Flint is very common in Missouri, however, the hardest part is finding good enough specimens to add to your collection. One excellent location in Missouri to find gem-quality flint is in Doniphan. Search the east area surfaces.
When it comes to chert, it is also extremely common in Missouri. To find blue gem-quality chert, you can head towards Elk River, near Bee Bluff.
Gem-quality white chert with yellow bands can be found in Timber Knob. Large gem-quality chert specimens are located in the Current River, near Doniphan.
The fabled mozarkite chert, which is Missouri’s official designated state rock, can be found in Warsaw and Lincoln, in southwestern Missouri.
Search for mozarkite chert in the area quarries, and gravel pits near Lincoln. In Warsaw, chert mozarkite is found in the general area in the low hills west of the Ozark Uplift.
TIP: Tumbler rocks are even more beautiful than raw rocks for some people. It is good to know how much grit and rocks are put in the rock tumbler. Check out the article below and find out the answer:
What Gems Can be Found in Missouri?
There are various gemstones that can be found in Missouri, some of them in abundance. Some of the most notable include amethyst, rubies, drusy quartz, tourmaline, pyrite, dolomite, opal, jasper, sphalerite, cerussite, topaz, garnet, or chalcopyrite, among many others.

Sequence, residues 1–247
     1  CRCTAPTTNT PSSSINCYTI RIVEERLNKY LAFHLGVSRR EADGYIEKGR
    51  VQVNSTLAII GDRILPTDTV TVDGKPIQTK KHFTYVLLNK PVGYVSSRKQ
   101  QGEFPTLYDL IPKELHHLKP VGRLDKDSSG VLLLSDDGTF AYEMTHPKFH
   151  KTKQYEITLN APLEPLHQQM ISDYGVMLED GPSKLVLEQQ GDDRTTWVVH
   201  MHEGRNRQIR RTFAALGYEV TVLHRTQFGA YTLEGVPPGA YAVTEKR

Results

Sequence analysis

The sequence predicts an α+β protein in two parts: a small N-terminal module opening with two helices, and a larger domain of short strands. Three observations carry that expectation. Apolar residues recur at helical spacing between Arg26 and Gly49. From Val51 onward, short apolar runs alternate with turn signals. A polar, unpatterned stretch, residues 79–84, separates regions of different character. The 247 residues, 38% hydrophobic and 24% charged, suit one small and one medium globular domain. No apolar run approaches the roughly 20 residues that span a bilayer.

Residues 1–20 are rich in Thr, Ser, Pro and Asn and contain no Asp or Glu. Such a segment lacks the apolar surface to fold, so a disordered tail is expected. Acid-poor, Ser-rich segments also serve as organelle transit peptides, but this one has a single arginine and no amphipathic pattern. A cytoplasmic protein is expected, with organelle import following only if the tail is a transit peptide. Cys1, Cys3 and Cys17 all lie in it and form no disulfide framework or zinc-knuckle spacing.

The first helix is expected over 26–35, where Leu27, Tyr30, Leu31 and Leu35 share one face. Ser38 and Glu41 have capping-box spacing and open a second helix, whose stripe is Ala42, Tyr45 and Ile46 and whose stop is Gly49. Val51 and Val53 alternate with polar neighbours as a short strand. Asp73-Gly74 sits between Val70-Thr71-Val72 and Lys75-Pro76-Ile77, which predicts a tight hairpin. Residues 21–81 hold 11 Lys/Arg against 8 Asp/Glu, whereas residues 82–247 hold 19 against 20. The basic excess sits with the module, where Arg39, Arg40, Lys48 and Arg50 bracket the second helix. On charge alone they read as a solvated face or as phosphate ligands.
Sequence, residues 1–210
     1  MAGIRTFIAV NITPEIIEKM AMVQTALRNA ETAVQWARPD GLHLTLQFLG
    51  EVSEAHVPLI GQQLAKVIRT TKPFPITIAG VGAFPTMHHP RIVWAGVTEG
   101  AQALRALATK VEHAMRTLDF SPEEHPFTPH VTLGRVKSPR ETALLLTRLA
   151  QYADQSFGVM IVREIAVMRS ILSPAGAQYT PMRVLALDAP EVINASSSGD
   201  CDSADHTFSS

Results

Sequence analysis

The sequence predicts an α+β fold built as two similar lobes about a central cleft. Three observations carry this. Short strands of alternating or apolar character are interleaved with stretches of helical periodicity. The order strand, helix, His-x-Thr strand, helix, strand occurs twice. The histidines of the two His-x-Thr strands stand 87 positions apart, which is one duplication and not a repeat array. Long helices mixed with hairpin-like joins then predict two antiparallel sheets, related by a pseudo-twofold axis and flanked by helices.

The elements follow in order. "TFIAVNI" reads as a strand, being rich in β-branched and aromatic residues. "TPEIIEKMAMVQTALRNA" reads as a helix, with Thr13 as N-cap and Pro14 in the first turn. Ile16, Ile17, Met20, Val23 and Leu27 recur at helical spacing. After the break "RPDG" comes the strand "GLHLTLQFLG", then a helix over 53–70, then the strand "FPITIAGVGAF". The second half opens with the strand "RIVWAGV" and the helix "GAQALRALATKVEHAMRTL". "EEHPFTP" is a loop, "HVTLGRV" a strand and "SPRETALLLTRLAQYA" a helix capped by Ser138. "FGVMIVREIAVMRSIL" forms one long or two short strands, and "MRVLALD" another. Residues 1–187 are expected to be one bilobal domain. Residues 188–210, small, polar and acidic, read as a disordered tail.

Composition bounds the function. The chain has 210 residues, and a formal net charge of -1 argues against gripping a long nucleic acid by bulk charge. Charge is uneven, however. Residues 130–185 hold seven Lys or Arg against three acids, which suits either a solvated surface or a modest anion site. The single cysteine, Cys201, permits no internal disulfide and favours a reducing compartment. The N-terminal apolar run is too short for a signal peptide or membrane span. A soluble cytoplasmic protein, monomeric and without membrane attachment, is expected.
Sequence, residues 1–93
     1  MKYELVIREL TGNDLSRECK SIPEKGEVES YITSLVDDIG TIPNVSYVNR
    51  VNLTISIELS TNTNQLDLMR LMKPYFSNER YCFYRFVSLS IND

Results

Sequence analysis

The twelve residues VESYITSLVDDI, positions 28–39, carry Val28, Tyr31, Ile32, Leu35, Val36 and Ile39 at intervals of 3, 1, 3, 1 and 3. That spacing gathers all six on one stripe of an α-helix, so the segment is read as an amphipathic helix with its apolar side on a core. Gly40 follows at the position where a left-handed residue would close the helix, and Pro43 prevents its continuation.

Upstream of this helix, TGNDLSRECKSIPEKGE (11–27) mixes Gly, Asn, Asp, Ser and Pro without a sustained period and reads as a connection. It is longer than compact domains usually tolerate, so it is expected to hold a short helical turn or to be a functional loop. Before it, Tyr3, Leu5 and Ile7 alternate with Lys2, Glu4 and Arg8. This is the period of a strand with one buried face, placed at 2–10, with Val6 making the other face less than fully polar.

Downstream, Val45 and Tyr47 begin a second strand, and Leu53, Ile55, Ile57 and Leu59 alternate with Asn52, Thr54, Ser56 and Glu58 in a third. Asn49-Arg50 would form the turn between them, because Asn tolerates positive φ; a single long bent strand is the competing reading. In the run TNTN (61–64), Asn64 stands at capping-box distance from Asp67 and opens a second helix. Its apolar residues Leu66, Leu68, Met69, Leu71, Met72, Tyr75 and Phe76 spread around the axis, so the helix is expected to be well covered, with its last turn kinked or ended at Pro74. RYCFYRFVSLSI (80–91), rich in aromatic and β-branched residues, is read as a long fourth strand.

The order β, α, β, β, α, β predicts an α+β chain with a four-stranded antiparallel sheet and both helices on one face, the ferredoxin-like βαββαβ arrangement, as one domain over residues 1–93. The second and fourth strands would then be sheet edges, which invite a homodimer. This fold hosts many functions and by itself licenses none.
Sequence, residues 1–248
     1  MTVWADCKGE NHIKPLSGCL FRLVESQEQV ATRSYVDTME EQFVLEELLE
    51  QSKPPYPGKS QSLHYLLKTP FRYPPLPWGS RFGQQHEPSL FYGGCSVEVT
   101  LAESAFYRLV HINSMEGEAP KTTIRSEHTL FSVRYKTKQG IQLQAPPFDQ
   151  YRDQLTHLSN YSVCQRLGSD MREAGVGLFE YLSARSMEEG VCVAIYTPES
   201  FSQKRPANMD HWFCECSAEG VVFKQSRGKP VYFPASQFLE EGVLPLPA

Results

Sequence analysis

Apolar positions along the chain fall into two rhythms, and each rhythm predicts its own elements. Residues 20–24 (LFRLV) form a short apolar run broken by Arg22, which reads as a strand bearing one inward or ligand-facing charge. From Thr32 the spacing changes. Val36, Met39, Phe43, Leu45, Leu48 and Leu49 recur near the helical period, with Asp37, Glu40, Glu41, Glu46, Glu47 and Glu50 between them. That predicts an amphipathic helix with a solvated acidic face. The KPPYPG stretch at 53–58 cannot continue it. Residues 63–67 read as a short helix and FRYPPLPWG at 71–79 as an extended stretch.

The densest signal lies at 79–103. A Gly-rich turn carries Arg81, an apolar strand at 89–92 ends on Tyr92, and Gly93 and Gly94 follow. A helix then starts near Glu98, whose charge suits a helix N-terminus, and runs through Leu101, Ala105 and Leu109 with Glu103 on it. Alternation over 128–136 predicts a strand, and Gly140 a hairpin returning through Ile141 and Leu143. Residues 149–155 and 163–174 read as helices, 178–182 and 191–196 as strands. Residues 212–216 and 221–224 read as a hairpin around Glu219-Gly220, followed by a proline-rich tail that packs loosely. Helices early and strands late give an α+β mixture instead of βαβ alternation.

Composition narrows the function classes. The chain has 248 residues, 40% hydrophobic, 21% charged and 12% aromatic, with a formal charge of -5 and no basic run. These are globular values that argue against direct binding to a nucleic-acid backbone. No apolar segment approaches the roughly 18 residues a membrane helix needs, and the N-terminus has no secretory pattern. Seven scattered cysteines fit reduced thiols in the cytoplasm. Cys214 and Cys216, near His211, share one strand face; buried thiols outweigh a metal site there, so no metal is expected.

|Amethyst||Steelville, Ruepple Iron Mine, Moselle Iron Mines|
|Drusy Quartz||Indian Creek, Old Mines|
|Opal||Kansas City, Decaturville Crater|
The best locations to find amethyst in Missouri are located in the southeastern parts of the state. The area mines, especially the ones to the east, in Steelville, are an excellent location to find amethyst. The Ruepple Iron Mine near Stanton, or the Moselle Iron Mines, west of Vida, are also excellent locations.
Rubies are quite rare and difficult to find in Missouri. While there aren’t any exact locations where this gemstone has been found in the state, you can try your luck in Kansas City, in the area quarries & rocky exposures, or at the Decaturville Crater.
To find drusy quartz in Missouri, head to the southwestern parts of the state, at Indian Creek. There, in the gravels 1 mile away, you can find both drusy and smoky quartz just southeast of Boulder City. In southeastern Missouri, you can find drusy quartz at Old Mines, in the area of mining dumps.
What Minerals Are Found in Missouri?
Missouri is filled with minerals, shining in both diversity, quality, and quantity. Some popular minerals include quartz, diamonds, marcasite, chalcedony, malachite, galena, albite, barite, hematite, calcite, limonite, azurite, goethite, rutile, anglesite, gypsum, or orthoclase, among others.
|Quartz||Chariton River, St. Francisville, Newark|
|Chalcedony||Gallatin, La Grange, Lincoln|
|Galena||Cole County, Springfield, Crooked Creek Crater|
Quartz minerals are abundant in Missouri. You can find some high-quality specimens at the Chariton River, just 2 miles north of Macon County.